The national shortage of lorry drivers has led Tesco to offer recruits a £1,000 joining bonus.
The bonus has been publicised via a job advert posted on Tesco’s site, with the supermarket telling potential candidates: “You’ll play a vital role for our customers and communities, representing Tesco on the highways and byways of the UK.”
Candidates who join the supermarket giant before 30 September will be eligible for the windfall.
Morrisons, meanwhile, was said to be developing schemes to train staff to become lorry drivers and other food supply companies are said to be following suit.
According to the Road Haulage Association (RHA) the UK is short of about 100,000 HGV drivers, with the Covid pandemic leading to 30,000 HGV driving tests not taking place last year.
It has become “increasingly competitive” to recruit drivers. Wages had also been pushed higher because of the “diminishing number” of HGV drivers.
Supermarkets have been pushing the cost of higher wages on to suppliers, with Asda, Sainsbury’s and Tesco among those asking suppliers to pay more towards goods collections.
Brexit was also a contributory factor in the lack of drivers and, at present, the need for some workers to self isolate after being pinged by the NHS Covid app. Although some drivers will no longer have to self isolate, hauliers and unions have been highly critical of the red tape involved in applying for workers to be made exempt.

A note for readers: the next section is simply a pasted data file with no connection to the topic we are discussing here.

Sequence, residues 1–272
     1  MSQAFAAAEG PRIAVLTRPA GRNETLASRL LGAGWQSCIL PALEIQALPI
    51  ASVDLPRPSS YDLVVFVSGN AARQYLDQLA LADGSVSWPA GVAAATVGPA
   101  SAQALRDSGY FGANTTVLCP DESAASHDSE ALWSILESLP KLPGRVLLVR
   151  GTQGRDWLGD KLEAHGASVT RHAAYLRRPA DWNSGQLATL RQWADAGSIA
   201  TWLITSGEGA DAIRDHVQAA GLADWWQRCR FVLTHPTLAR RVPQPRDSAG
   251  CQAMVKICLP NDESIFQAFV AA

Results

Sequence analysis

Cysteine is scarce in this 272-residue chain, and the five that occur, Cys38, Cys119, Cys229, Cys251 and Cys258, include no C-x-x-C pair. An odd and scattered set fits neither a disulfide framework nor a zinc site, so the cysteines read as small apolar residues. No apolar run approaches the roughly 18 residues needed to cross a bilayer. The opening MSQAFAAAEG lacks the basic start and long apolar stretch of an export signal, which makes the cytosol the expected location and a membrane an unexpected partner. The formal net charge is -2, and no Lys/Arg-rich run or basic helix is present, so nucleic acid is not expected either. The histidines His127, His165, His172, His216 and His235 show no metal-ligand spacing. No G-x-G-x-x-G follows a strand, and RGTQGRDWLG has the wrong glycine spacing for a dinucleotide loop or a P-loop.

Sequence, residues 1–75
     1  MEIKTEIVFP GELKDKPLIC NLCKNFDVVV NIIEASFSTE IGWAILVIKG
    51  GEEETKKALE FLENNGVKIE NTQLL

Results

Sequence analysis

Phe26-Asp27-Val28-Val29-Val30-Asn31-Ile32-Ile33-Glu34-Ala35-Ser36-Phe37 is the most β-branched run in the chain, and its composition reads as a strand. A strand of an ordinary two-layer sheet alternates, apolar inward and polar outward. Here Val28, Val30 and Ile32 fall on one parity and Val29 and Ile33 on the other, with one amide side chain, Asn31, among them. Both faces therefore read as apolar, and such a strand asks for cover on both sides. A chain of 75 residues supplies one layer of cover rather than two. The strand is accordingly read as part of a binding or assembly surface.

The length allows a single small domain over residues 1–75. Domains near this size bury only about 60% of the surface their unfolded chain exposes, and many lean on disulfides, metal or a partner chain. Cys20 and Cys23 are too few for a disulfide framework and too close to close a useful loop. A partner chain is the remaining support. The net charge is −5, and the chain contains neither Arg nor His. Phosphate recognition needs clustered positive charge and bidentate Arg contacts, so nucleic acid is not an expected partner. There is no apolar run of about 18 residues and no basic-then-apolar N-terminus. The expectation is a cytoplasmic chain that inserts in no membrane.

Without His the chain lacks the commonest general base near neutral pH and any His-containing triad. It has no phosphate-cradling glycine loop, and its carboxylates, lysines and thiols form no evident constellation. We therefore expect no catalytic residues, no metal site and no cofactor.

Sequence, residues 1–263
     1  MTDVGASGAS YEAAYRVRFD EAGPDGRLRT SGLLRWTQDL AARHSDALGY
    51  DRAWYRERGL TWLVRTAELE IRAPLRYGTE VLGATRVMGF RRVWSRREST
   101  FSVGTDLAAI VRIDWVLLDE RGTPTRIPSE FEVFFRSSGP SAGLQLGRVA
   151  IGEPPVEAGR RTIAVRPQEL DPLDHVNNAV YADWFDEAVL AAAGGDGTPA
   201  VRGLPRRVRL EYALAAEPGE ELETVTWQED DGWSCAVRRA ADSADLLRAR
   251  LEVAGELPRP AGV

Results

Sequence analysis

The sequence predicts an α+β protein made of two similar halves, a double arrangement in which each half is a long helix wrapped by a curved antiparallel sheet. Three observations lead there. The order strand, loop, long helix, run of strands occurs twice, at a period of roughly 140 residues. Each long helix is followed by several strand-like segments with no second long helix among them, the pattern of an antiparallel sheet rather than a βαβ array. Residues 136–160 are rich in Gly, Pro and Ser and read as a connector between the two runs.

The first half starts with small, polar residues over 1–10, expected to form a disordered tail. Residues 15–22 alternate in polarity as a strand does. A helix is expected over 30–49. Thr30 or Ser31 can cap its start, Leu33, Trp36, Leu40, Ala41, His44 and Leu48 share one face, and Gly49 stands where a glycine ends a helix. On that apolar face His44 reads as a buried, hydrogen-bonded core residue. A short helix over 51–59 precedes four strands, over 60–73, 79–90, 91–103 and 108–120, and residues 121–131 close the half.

There have also been claims that some disruption in the supply of drivers has been caused by tax changes that mean drivers previously treated as self-employed and who could offset tax against expenses, now had to be paid via PAYE.
Some companies are looking to fill the skills gap by broadening the talent pool.
The BBC has reported that wholesale food and catering supplier JJ Foodservice, for example, recently launched a recruitment campaign to encourage more women to become HGV drivers. Only 1% of HGV drivers in the UK are women.
The wholesaler said it was offering “permanent contracts with no evenings or weekends, salaries of up to £35k in London, and no gender pay gap. The UK driver shortage is not going to go away overnight, so we’re doing our part to make HGV driver roles more appealing to a wider diversity of people.
So far the government’s response to the shortage has been to grant a temporary extension of lorry drivers’ working hours, consult on ways of boosting driver test capacity and consider issuing provisional licences.